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FDA Approves Cancer Screening in a Box

The demand for reducing the cost of healthcare is fostering a new generation of accessibility. According to the National Institutes of Health (NIH), the FDA recently approved optical imaging devices, for oral cancers, developed by bioengineers at Rice University. The team explains, in the Journal of Biomedical Optics, that the battery powered device can improve oral cancer screening by using fluorescence. With these features and the low cost, the screening system is an attractive option.

Currently, oral cancer screening is a visual inspection under white light. The problem is that, macroscopically, it's hard to tell the difference between pre-cancerous and benign tissues. Using polarized and fluorescent light, specificity in screening can be improved. Here's how it works: cell components inside the patient’s mouth become visible after applying a fluorescent solution. Then, according to the NIH, a flexible fiber-optic bundle is used to image cells and look for atypical (carcinogenic) changes.

The Rice University team, led by Dr. Rebecca Richards-Kortum, wasn’t the first to introduce fluorescence imaging. Medical facilities in developed countries are using these devices for early detection in the oral cavity, uterine cervix, lung, and skin. But these machines are expensive and require a stable, high-voltage power supply. With LED lighting this new device is low maintenance and affordable. A briefcase, with a rechargeable battery, adds portability to ensure that primary care settings, like your dentist, can offer more effective screening. Richard-Kortum and her team describe the device as being head-mounted for direct visualization by the health care provider. This also allows for digital images of the oral cavity. Richards-Kortum and her team are currently testing the camera for cervical and esophageal cancer screening..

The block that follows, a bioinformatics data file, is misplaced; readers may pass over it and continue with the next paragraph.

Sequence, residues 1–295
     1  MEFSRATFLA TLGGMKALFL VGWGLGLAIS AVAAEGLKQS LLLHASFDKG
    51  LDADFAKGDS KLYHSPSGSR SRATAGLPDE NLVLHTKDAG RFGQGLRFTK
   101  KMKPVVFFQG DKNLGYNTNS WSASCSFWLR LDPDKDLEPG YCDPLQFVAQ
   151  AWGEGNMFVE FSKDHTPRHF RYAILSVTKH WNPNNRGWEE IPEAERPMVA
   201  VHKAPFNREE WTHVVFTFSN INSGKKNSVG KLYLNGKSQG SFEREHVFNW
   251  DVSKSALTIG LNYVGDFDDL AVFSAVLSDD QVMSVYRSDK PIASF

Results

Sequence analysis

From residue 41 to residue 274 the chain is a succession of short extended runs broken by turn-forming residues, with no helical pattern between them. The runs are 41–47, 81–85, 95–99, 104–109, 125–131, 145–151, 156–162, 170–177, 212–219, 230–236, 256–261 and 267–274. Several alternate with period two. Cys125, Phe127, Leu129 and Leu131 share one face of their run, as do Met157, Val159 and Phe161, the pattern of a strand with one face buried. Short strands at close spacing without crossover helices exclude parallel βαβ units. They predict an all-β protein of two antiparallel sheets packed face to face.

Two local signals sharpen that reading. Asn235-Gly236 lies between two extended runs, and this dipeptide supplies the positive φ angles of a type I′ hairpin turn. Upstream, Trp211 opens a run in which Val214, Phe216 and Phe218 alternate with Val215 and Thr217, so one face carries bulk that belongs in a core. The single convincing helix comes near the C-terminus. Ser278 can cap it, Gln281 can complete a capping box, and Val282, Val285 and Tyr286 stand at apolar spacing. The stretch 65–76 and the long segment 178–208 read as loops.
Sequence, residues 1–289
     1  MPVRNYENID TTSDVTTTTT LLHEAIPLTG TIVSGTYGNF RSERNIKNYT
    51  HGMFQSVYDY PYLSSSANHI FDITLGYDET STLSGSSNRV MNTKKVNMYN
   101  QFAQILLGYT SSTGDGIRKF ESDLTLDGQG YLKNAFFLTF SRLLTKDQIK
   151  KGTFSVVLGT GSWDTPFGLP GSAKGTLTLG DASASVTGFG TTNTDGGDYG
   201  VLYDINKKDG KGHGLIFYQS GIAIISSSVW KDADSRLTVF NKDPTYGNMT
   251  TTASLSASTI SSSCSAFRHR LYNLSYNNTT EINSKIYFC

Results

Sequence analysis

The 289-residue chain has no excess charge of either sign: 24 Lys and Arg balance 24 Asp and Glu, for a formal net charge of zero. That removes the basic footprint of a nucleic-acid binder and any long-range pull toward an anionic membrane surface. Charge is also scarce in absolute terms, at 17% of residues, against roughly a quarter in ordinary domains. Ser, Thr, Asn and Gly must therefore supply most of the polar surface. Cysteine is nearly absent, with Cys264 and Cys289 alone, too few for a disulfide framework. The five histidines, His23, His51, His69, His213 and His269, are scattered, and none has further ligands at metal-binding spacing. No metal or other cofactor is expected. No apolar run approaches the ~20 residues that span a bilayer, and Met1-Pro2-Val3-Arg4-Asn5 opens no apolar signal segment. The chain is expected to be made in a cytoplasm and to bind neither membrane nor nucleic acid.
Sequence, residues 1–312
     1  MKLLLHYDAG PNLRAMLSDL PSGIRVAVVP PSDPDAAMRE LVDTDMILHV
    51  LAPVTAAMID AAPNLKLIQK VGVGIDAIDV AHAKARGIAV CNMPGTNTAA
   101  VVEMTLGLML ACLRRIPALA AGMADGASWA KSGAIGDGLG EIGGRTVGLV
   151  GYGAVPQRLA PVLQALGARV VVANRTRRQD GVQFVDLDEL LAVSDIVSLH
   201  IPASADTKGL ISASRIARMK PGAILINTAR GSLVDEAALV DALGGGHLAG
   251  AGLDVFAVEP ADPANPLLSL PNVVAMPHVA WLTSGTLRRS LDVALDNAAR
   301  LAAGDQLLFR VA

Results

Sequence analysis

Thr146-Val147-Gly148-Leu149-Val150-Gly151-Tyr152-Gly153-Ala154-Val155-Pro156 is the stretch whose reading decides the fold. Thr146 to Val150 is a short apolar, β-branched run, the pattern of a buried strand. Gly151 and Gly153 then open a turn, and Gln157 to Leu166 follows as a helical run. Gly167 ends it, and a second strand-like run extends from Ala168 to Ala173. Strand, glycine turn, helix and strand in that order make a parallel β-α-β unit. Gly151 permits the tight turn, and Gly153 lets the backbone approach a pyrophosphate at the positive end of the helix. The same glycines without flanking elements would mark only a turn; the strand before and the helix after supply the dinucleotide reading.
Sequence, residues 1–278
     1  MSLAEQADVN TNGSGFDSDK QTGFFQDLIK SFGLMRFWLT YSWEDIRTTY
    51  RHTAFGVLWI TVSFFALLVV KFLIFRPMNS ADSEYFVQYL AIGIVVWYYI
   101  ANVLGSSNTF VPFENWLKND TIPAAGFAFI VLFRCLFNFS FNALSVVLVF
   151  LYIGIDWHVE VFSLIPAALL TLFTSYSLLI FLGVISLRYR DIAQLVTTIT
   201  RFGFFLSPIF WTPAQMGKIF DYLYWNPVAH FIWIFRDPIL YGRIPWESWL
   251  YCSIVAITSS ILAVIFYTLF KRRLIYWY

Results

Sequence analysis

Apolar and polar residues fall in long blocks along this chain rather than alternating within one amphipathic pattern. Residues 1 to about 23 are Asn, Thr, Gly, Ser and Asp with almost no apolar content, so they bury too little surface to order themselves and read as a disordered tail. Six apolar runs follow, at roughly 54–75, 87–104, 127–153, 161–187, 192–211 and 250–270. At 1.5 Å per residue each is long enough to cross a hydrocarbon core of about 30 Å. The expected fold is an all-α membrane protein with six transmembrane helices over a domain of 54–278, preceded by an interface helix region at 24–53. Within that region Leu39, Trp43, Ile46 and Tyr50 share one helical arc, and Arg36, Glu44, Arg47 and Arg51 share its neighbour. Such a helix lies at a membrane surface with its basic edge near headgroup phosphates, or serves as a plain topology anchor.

The World Health Organization (WHO) claims there are over 267,000 new cases of oral cancer every year and almost half of those cases result in death. The majority of oral cancer, according to research published in the Journal of Biomedical Optics, is diagnosed at an advanced stage when treatment is more likely to be aggressive and survival rate is low. Two-thirds of the total deaths caused by oral cancer occurs in developing countries. With this new technique mortality of oral cancer can be reduced with the increased availability of screening.

Image Courtesy: Wikimedia Commons

Sangeeta Sunny Chettiath

About Sangeeta Sunny Chettiath

MPH / Ohio University / Resident Blogger @TraffickFree

Sangeeta Sunny Chettiath

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